If the freedom of speech is taken away then dumb and silent we may be led, like sheep to the slaughter.

- George Washington

Friday, 12 February 2010

Aw, he's human

Sort of.

The Times has a transcript of the interview with Gordon Brown due to be broadcast on Sunday. And it is quite revealing. Not about Brown himself, but about his motivation (or Alastair Campbell's motivation) for doing it in the first place.

Brown is seen by many people as socially clumsy and inept, and the media stories we read lend weight to the idea that he is also a bully who won't tolerate dissent. Iain Dale makes a good point: whereas Margaret Thatcher was renowned for her 'robust' disagreements with members of her Cabinet, she was kindness itself to her staff. Brown, on the other hand, can't confront powerful ministers, but is well known for shouting at subordinates, kicking furniture and throwing mobile phones at people. Almost the breed standard for a weak bully.

"Psychologically flawed" is the polite way of putting it. Now he is in the media being 'human', crying a bit on camera and letting us all know that he is just a regular family guy. With a general election now only a few weeks away, it's not hard to see why he is doing this.

Just a couple of points from the interview.

PM: “Come on, you’ve been grumpy.”

GB: “Yeah but I’m not, I don’t sort of behave like that. I want things done, I’m strong willed, I want to get things done so I get up in the morning and say, ‘Look, let’s get this done'. And if that sounds grumpy, well, I don’t think so.”

Can you imagine any real human being getting up in the morning and saying "Look, let's get this done"? The "Look ... " part is straight from Tony Blair. And the "getting things done" part is from the official Party Apparatchik script - he didn't quite say "I'm getting on with the job", but it was close. Sarah, poor thing, must be driven to distraction.

PM: “What’s been the best present you weren’t allowed to keep?”

GB: “I think the different governments in the Middle East send huge presents. One after a dinner was a full pig that they sent, that had been roasted.”

PM: “Really?”

GB: “And I couldn’t accept it.”

Are you sure? A Middle-Eastern government sending a pig? Like the Israelis once treated him to a bacon butty? I hope someone does some fact-checking on this, because I suspect he made it up.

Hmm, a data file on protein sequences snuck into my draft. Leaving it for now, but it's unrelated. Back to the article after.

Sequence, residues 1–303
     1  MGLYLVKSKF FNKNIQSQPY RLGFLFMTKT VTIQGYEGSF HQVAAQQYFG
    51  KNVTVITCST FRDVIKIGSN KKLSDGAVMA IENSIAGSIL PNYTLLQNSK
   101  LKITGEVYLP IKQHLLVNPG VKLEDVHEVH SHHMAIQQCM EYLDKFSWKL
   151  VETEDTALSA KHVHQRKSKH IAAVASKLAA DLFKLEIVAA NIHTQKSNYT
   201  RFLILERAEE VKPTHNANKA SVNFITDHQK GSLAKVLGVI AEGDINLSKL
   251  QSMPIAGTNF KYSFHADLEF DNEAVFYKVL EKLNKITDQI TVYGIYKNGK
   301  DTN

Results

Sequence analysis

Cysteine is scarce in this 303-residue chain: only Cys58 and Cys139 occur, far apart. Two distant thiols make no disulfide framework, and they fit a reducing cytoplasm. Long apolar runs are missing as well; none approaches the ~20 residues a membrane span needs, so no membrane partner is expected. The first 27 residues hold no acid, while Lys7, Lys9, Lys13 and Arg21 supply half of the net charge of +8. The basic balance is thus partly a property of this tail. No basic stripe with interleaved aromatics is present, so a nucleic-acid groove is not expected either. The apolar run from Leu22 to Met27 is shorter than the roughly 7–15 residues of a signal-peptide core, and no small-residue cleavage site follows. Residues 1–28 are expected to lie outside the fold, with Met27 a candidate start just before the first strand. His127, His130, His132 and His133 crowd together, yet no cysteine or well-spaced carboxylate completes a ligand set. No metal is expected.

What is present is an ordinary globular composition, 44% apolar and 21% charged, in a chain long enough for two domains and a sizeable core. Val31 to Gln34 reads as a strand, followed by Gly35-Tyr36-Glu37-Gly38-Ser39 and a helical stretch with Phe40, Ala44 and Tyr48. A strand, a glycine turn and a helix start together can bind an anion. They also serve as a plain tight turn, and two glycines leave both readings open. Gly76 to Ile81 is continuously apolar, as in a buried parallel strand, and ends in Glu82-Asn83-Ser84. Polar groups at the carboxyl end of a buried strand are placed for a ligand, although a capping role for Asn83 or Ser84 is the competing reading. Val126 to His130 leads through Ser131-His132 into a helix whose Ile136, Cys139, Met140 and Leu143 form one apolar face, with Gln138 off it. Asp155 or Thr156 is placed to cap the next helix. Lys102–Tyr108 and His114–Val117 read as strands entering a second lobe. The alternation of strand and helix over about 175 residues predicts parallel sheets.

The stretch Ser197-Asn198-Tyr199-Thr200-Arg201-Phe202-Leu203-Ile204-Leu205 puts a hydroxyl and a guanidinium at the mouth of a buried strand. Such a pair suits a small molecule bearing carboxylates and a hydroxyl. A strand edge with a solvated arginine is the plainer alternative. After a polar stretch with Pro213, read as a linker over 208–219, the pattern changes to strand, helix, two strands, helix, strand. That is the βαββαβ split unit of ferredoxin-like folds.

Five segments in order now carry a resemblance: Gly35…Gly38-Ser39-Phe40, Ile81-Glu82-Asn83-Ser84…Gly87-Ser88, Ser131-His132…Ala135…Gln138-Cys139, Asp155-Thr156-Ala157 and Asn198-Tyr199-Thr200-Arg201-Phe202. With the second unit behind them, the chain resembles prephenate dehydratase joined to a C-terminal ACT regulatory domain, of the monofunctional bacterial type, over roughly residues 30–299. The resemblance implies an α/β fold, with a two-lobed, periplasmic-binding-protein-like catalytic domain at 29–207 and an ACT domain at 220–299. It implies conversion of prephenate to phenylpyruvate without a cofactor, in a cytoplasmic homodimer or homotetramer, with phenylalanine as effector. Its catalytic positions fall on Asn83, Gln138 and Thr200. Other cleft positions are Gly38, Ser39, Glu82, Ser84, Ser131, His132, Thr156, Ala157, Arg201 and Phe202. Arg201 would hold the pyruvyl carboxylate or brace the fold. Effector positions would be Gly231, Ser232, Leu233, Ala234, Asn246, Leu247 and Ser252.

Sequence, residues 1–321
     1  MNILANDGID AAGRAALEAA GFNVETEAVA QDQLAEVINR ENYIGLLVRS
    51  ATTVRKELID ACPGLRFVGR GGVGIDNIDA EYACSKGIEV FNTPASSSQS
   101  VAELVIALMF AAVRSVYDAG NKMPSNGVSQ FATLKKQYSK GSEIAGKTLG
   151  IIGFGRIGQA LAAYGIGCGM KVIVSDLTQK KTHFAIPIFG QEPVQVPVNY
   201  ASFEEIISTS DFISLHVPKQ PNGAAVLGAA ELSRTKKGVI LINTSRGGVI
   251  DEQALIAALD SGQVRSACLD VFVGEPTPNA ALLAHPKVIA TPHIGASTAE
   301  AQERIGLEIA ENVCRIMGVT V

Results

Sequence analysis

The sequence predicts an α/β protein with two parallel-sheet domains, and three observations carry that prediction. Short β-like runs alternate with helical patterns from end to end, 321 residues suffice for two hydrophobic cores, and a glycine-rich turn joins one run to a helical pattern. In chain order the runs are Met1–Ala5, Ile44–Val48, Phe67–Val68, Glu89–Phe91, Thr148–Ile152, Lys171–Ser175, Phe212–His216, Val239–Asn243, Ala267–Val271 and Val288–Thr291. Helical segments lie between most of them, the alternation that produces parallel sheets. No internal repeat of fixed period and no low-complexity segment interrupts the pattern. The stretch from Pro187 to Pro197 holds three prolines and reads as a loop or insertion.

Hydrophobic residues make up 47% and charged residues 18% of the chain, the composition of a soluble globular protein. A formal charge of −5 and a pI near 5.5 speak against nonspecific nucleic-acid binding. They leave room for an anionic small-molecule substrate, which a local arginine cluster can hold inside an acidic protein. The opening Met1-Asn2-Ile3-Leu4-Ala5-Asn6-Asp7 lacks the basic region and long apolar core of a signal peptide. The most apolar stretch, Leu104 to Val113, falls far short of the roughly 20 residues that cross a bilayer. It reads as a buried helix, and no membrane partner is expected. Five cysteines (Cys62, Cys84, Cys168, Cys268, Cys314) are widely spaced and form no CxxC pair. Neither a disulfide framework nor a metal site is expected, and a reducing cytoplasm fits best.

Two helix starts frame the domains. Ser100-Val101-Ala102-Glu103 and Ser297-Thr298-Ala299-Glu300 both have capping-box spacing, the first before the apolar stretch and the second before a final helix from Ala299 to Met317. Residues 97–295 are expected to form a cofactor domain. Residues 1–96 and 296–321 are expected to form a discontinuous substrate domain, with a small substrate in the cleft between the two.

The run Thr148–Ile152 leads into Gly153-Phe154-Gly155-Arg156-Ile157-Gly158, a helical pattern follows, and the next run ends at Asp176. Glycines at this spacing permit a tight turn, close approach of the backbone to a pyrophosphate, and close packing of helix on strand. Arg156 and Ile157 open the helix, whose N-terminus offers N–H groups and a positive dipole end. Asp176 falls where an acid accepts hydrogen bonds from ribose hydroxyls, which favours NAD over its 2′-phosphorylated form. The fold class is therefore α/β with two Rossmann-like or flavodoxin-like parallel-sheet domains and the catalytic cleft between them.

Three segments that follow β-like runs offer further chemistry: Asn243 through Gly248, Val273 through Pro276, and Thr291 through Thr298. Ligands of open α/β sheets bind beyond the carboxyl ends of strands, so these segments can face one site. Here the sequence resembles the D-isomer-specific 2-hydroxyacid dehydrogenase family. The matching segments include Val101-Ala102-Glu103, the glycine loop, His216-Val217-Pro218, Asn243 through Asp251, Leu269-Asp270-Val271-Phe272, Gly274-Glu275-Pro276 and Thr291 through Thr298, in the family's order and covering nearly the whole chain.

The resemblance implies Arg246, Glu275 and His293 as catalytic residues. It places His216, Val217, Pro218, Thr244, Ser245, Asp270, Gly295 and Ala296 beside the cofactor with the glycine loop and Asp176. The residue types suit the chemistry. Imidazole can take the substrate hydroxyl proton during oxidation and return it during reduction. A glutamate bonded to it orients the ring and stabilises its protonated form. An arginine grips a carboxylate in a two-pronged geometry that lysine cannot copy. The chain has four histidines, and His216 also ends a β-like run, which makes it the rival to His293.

GB: “I had a flat near the university and it was one of these big flats with, I think, eight different rooms and eight people stayed. And I came back from a conference and my flat had been burgled. And I arrived back and there was a policeman there and we went into my study and looked round my study where all my books were and all my papers were and the police officer said, ‘Totally ransacked sir, totally ransacked'. I had to explain to him that the burglar had clearly not been in that room. It was exactly as I’d left it.”

An old joke, and obviously planted. In the original, the student replied to the policeman: "Actually, I think the burglar has done a bit of tidying up in here," which is funnier. And wasn't this joke made into a TV advert a while ago? Whatever, it isn't original. You can just imagine the planning meeting: "I say, let's put in a couple of amusing anecdotes to get the punters chuckling. I know a good one ..." And then there is this:

PM: “Let me take you back to the day before John Smith died, where for all intents and purposes he was absolutely fine. In your head Gordon, if you’re honest, you must have been not just hoping but believing you would be, after John Smith, the next Labour leader.”

GB: “I thought that would be possible and the first person I phoned when I heard John had died was Tony. And I said, ‘Look, Tony, you may not know this but John has died.’ So I said, ‘Look, we’ve got to sort this out', and so we started a conversation.”

This kind of settles it for me. The man is a self-centred, shallow creep, interested only in power and status.

The Labour Party, whatever its faults, tends to be quite comradely. You will hear ordinary members quite naturally referring to their party leader as 'Tony', 'John', 'Neil' or whatever, in a way that you hardly ever hear ordinary Tories talk about 'David' or 'William'. Now, imagine that you have just taken a call to tell you that your party leader, and someone who must have been something of a friend, has suddenly and unexpectedly died. What is the first thing you do? If it happened to one of my friends, I would be calling his wife straight away, giving my condolences and asking what I could do to help.

What does Gordon do? "The first person I phoned when I heard John had died was Tony."

He phoned Tony fucking Blair.

And why?

Because "We've got to sort this out", this being who gets first dibs on the job of leader, probably before dear old John Smith's body was even cold.

Shameful. It tells you all you need to know about the man's ambition and selfishness.

Then he goes on to talk about his daughter's death. Now I can't begin to understand how truly terrible this must have been for him. My eldest was in intensive care for a few days after she was born, due to low birth weight, and that was bad enough. So I am not belittling the experience in any way. But for a man who - quite rightly, in my view - set his face against using his children as publicity material to come out on prime-time television and blub publicly just as the general election campaigns get into gear seems to be the most transparent bit of fakery I have seen in a long time.

It will, no doubt, bring him a little bounce in the polls. An electorate that reads Heat and watches reality television is easily swayed. But it was the wrong thing to do, because it was wrong.

Shameful, condescending, and wrong.

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